The Real Life of a ‘Sex Ed Teacher’

I was scrolling through Facebook when I came across a post that read, “Ask your child what you do for a living and see how they respond.” My curiosity took over so I called for my 8-year-old.

“Mario, when people ask what I do for a living, what do you say?” Nonchalantly he answers, “That you’re a sex worker.” I almost died laughing but we continued the conversation and I asked him to explain. Again, very casually he replies, “You teach people how to say penis and vagina…”

This story brings a lot of laughs, and I’m sure I’ll remember it for years to come, but it made me think about how others perceive the work we do at Teen emPower!. I sometimes find it convenient to say, “I’m a sex education teacher,” which usually prompts people to say something along these lines:

  • “Oh you teach kids how to put condoms on! Do you use a banana?”
  • “You teach people how to have sex?”
  • (Or, as my cousin incorrectly introduced me at a party once) “She’s a sexologist.”

This is mostly incorrect.  I’d like to tell you what I really do and why it’s important.

I’m an adolescent health educator which means I teach middle schools and high school students adolescent development. For example, I teach subjects like brain development, puberty, reproductive anatomy, abstinence, contraceptives, consent, responding to risky behaviors, setting goals and boundaries, and other skills that provide students with the tools they need to make a healthy transition from adolescence into adulthood. I work with people who are passionate about helping youth and fulfilling our mission in the communities we serve.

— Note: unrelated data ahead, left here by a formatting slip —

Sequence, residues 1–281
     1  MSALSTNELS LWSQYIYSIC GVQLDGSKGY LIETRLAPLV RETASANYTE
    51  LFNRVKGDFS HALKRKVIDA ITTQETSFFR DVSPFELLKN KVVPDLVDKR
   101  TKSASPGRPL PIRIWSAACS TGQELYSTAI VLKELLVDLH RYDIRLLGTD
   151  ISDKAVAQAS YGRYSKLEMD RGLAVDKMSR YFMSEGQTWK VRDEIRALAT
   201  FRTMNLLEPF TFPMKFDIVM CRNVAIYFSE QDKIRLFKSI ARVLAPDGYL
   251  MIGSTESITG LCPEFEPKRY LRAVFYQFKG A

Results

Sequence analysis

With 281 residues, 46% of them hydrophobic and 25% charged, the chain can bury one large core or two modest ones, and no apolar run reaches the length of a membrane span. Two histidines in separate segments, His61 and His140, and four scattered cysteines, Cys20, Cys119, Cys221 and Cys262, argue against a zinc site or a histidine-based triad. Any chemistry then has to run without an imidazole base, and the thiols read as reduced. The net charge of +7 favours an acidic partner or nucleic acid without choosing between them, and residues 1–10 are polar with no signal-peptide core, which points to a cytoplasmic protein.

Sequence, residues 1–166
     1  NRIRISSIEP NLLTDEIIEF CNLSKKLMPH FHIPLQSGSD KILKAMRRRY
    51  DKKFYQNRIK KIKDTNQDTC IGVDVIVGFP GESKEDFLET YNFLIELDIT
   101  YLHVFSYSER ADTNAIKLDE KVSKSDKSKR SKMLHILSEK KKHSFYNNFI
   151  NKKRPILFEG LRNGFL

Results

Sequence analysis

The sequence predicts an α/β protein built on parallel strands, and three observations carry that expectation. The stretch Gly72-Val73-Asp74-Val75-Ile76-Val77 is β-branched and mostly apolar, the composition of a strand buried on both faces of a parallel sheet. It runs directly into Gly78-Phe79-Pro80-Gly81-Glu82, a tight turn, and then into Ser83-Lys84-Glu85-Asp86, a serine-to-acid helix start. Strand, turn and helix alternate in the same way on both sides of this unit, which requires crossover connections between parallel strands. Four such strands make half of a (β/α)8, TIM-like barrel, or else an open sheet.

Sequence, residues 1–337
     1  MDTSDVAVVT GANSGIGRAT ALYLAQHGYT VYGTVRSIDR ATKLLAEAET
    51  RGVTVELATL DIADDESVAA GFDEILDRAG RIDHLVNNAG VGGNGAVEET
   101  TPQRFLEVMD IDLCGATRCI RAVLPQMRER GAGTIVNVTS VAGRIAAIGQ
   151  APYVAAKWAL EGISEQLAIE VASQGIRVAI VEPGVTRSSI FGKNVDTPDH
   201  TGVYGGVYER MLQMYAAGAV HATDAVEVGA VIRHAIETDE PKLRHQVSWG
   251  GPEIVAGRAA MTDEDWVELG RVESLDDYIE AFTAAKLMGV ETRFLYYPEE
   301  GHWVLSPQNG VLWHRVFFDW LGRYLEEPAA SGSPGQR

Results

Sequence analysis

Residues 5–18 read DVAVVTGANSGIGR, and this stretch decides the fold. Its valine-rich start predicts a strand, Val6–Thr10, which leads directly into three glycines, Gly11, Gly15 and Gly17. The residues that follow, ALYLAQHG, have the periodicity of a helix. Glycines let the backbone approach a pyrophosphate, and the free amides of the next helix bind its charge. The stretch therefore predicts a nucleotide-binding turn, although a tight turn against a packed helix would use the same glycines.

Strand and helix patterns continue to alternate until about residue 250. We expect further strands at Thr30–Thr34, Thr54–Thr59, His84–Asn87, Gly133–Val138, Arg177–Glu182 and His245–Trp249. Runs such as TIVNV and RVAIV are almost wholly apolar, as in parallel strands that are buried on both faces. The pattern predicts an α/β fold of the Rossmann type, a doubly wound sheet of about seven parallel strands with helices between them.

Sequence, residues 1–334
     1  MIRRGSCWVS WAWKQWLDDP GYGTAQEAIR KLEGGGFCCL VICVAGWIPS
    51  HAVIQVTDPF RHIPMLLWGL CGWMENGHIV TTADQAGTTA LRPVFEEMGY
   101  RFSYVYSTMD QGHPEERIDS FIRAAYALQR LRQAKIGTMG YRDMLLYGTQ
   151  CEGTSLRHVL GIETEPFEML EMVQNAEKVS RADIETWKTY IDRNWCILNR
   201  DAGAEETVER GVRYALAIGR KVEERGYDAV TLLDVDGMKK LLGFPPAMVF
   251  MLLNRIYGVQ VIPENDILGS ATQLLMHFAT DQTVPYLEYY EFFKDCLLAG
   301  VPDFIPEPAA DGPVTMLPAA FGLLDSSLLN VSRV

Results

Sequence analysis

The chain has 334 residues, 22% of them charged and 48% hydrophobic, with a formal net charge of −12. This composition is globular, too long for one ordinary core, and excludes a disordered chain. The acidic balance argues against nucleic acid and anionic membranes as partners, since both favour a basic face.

Telling people that I’m “just a sex ed teacher” does a disservice to describing our work because we do so much more than just teach people how to say penis and vagina (although Mario is right about that. We teach people these words are medically accurate and should not be considered shameful.).

We teach using evidence-based programs, which means we use medically accurate, age appropriate information that has been researched and developed with skills, knowledge and core concepts in a sequence that’s been proven to work.  We are trained in various programs and teaching methods that help us provide the best classroom experience. Our work is not only needed in the communities we serve, but also vital to all Oklahomans as this state has one of the highest teen birth rates in the country.*

According to the CDC, teen pregnancy costs taxpayers an estimated $9.1 billion dollars annually nationwide. However, we are not only preventing teen pregnancy, we’re also combating other issues in the community including: poverty, school drop-out rates, sexual abuse and victimization of young people, as youth participation in risky behaviors correlates with these and other community concerns. 

So while I don’t stand in front of a gym full of students and rehearse Coach Carr’s famous line from Mean Girls, I do stand for the future of our youth. I can empathize with the difficult experience many teens face and hope my work helps parents and guardians in areas where they may need support, knowledge, and skills to help their young ones thrive. 

As a former teen mother myself, I understand, first-hand, the importance of the work we do and the difference it makes in the lives of youths and our communities. 

“Education is for improving the lives of others and for leaving your community and world better than you found it.”

Marian Wright Edelman

Written by: Cristina Flores, Teen emPower! Inc. Health Educator